Tea: Discovery of the palatable liquid gold
The history of tea spreads across multiple cultures over thousands of years and its roots are deeply tied to ancient Chinese culture
No matter what the season is, tea is considered as one of the tastiest and most beneficial beverages. There is something uniquely comforting about cosying up with a fragrant, steaming mug of tea. It is the liquid gold that ran through our veins, over which we shared stories and laughter.
Tea has been widely used for many purposes since it was discovered. The curative benefits of tea are beyond imaginable which has been used to remove tiredness, refresh the spirit, fight off illness, cure depression or boost up energy.
The history of tea spreads across multiple cultures over thousands of years. Its roots are deeply tied to ancient Chinese culture. However, according to different sources, tea drinking began as early as 1500 BC in the Yunnan Province of China. All the while, there are a lot of legends and myths stating that tea was first discovered in 2737 BC.
Ancient legend and China
Ancient legend suggests that mythological farmer or ruler Shennong accidentally poisoned himself 72 times in prehistoric China.
But before the poisons could end his life, a leaf drifted into his mouth. He chewed on it and it revived him, and that is how we discovered tea. Tea doesn't actually cure poisonings, but the story of Shennong, the mythical Chinese inventor of agriculture, highlights tea's importance in ancient China.
Archaeological evidence suggests that tea was first cultivated in China as early as 6,000 years ago. That original Chinese tea plant is the same type that's grown around the world today.
1,500 years ago people realized that a combination of heat and moisture could create a complex and varied taste out of the leafy green. And that's when tea became a beverage.
Tea was first brought to Japan in the 9th century during the Tang Dynasty by a Japanese monk. Eventually, the Japanese developed their own unique rituals around tea, creating the Japanese tea ceremony.
History of tea in Europe
In the 14th century, during the Ming Dynasty, the Chinese emperor started to make loose leaf tea. Tea drinking spread around the world at that time. In the early 1600s, Dutch traders brought tea to Europe in large quantities.
Queen Catherine of Braganza, a Portuguese woman, is credited to make tea popular with the English aristocracy when she married King Charles II in 1661.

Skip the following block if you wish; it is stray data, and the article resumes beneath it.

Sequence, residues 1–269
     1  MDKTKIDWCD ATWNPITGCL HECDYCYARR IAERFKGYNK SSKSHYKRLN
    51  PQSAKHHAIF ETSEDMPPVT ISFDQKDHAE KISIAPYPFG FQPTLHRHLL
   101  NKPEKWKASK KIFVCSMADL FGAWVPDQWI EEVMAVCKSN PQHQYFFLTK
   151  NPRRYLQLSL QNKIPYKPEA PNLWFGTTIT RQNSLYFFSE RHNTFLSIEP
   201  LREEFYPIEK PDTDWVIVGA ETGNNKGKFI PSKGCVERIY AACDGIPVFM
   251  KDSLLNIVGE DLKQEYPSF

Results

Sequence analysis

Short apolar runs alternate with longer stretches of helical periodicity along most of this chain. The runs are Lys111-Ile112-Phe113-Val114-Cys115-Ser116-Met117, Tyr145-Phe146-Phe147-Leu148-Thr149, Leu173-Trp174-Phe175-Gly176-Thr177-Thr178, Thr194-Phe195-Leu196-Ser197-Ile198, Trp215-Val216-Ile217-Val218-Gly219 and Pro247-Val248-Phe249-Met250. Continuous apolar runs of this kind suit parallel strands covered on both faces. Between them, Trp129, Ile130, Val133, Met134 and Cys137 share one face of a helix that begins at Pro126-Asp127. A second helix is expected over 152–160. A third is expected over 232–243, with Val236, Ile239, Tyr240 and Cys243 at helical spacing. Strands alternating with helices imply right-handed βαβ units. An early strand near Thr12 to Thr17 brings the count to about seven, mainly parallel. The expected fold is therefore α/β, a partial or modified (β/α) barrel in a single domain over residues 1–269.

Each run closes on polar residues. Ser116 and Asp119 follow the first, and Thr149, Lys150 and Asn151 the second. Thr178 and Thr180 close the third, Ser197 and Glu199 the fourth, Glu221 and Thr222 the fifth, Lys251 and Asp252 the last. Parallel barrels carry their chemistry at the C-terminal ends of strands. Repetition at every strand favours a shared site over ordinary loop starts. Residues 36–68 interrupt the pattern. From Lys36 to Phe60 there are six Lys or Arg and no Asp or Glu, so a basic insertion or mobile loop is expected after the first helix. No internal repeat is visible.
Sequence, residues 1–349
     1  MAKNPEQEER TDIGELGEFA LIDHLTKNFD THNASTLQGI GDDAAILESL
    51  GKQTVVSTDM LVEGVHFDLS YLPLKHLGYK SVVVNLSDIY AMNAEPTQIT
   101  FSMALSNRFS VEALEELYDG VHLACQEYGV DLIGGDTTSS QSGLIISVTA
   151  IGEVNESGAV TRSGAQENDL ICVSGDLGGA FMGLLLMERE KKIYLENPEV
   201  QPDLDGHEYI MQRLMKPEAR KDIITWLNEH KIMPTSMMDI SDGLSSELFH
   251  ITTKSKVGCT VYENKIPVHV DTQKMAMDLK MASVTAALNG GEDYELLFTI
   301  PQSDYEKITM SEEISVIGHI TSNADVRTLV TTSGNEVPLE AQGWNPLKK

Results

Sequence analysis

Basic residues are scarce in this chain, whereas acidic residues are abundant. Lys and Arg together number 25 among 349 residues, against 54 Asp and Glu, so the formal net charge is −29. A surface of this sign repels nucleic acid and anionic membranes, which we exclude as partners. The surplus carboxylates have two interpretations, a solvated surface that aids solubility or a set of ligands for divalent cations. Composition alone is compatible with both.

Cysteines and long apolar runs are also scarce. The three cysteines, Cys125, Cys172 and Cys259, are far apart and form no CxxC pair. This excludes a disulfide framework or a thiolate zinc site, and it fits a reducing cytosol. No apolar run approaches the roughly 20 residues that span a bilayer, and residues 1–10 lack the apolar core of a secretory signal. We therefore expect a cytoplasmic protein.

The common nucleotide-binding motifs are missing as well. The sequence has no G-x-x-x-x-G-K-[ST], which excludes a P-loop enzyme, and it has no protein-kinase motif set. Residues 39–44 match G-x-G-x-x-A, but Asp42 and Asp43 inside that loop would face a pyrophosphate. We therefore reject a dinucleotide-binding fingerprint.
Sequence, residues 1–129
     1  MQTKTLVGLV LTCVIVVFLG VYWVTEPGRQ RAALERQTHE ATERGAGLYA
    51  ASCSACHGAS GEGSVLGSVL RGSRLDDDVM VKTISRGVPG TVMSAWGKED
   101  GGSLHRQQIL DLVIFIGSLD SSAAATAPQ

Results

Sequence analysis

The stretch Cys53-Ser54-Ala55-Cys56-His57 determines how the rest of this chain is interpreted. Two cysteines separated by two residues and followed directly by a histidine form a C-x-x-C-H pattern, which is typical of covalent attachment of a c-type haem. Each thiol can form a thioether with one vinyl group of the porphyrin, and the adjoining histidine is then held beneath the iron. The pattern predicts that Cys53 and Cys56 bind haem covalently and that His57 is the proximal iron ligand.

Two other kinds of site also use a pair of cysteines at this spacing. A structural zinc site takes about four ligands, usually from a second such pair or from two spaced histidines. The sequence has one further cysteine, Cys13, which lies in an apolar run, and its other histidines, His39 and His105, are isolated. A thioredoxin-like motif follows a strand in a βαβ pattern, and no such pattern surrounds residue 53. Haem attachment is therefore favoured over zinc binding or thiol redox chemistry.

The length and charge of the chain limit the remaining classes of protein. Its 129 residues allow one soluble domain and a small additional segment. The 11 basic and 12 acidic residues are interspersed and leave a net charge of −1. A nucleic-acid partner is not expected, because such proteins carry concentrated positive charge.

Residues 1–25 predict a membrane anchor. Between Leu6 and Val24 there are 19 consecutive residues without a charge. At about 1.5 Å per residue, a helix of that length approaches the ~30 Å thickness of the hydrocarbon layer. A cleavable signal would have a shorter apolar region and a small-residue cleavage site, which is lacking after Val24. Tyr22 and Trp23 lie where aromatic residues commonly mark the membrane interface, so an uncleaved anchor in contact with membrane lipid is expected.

By 1700, tea sold for ten times the price of coffee in Europe and the plant was still only grown in China. On the other hand, The British East India company also wanted to be able to grow tea themselves and have control in the lucrative market.
Subsequently, they commissioned botanist Robert Fortune to steal tea from China. The botanist disguised himself and took a dangerous journey through China's mountainous tea regions, and smuggled tea trees into Darjeeling, India.
From there, the plant spread further still, helping drive tea's rapid growth as an everyday commodity.
Today, tea is the second most consumed beverage in the world.
Tea growing countries
China, India, Sri Lanka and Kenya are the top four countries representing almost 75 percent of the world's tea production.
China is the largest consumer of tea with some 1.6 billion pounds a year. India, Indonesia, Kenya and Sri Lanka count among the most important tea growing countries.
Types of Tea
This is a drink that many people in the world wake up with while some people take it after a meal, and others take a cup of tea after reaching home from outside.
There are around 20,000 different teas in the world, according to Mary Lou and Robert J Heiss in the tea enthusiast's handbook: A guide to the world's best teas.
According to the International Tea Committee, tea production increases three percent year-on-year.
Generally, teas fall into one of four types: White tea, Green tea, Oolong tea and Black tea.
There are many different types of tea; some people like Darjeeling and Chinese greens, having a cooling, slightly bitter, and astringent flavour, while others have vastly different profiles which include sweet, nutty, floral, or grassy notes.
Tea has a stimulating effect in humans. There is plenty of research that shows drinking tea can actually improve health.